The last issue in the arc serves as an epilogue. The Micronauts, with the exception of the possibly deceased Bug, Force Commander Argon, and Slug are all raised up as heroes by the citizens of Homeworld. Prince Acroyear heads back to Spartak to take his place as ruler of the acroyears. On Earth Ray and Steve Coffin are enjoying their time together. Some soldiers searching through the wreckage of H.E.L.L. find Philips Prometheus’s alien samples and turn them into a group of men that might be S.H.E.I.L.D.. The traitor Shaitan challenges Acroyear to a blood feud that ends in the death of Shaitan. The story closes out with Time Traveler showing the reader that Bug has been hurtling through space, alive, and then landing on the planet Kaliklak, home world of the Insectivorids.

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That was quiet and epic story wasn’t it? Sure, there are plenty of similarities to Star Wars, but I found it to be different enough that it was exciting and enjoyable on its own merits. There are plenty of hokey things in the story, like Prince Acroyear sharing the same name as his race of people, or Baron Karza and Force Commander having half human / half horse forms, but overall the story is just a lot of fun. There is no overt push of the toy line, partially because it was reaching the end of its sales when the comic was published.

One thing I find interesting is that the initial story is exactly 12 issues long. To my knowledge this came out when mini-series and maxi-series did not come out regularly. I think it might be more likely that Mantlo and Golden had their story idea and thought they could spread it out over twelve issues, and if the comic was successful they would go on from there. The dialog is well done and the pacing is dynamite. Each issue has an exciting ending that makes the reader want to see what happens next month. And the way the last issue closes with Bug being alive I certainly want to see what happens to him and how he gets reunited with the rest of the Micronauts.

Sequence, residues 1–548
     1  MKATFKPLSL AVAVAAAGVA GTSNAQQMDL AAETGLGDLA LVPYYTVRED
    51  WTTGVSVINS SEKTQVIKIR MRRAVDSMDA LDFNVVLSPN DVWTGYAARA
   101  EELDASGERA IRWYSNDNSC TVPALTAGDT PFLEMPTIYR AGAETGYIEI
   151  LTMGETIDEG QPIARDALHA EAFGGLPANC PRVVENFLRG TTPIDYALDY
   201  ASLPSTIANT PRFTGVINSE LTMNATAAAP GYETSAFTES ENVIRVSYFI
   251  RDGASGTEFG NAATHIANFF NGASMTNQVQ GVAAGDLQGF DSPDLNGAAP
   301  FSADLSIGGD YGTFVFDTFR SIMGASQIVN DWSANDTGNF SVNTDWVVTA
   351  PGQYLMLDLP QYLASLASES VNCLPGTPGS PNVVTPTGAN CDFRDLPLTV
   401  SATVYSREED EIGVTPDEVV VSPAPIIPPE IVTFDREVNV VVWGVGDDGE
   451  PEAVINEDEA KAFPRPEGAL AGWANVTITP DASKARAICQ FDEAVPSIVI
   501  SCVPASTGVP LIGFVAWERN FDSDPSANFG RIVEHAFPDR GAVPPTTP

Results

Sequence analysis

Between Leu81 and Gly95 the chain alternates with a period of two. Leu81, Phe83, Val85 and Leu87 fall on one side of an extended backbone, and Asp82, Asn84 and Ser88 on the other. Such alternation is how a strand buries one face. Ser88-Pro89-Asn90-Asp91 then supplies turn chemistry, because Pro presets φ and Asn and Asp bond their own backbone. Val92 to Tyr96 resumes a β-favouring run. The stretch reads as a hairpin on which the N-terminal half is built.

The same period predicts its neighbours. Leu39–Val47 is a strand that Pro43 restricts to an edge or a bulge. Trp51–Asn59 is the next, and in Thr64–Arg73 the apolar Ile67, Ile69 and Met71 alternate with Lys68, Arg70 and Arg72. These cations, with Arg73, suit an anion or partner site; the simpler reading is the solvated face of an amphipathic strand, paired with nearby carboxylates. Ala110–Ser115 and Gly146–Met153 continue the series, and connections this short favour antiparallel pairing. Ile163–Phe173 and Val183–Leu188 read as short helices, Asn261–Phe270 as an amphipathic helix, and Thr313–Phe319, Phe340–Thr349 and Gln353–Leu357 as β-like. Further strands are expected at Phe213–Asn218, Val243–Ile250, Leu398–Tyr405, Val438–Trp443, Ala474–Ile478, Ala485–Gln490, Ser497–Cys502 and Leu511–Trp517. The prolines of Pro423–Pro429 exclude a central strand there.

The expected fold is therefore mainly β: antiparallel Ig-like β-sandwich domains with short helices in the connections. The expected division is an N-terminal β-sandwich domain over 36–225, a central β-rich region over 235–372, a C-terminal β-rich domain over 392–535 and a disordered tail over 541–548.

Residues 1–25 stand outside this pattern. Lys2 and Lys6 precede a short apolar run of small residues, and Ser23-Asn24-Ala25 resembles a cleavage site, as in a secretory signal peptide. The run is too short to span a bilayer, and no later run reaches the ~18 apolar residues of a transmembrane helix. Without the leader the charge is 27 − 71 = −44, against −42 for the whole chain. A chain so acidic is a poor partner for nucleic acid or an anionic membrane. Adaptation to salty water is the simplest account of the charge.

I suspect that Baron Karza will return at some point, I just hope that there are some other adventures introducing new characters and conflicts before they go back to that well. Something else that makes this series a lot of fun is that it takes place in the Marvel universe. I thought that when Man-Thing made his appearance it worked pretty well and it made me wonder if Bill Mantlo and Steve Gerber (Man-Thing’s creator) were buddies. I mean there had to be other, more popular characters that could have made a guest appearance. Finally I thought the Phil Prometheus character was done really well. He was a mad scientist with a cool origin and a great look. Michael Golden portrayed this character’s passion really well. He was maniacal and was a great foil for Ray Coffin. Later when Ray took on the Captain Universe persona and fought Karza who was bonded with Prometheus it was a great conclusion to that sub-plot.

All in all I enjoyed these issues and think I have picked out a good summer reading project. I’ll keep going with an issue a day and will have additional updates down the road. I’ll close this post with the cover to issue 13 featuring Bug and some other Insectivorids, hopefully you’ll join me again to see what happens.

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This Week at Comics Comics Comics – End of June 2018

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For the last couple of weeks I have been reading more than I have been writing so shame on me. On the other hand, I have read some really great comics. I’ve been all over the place between new comics, trade paperbacks, and dollar bin finds. Let’s get right to it.

Doctor Star and the Kingdom of Lost Tomorrows #3 & 4

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Creators

Writer Jeff Lemire
Artist Max Fiumara
Colorist Dave Stewart
Letterer Nate Piekos of Blambot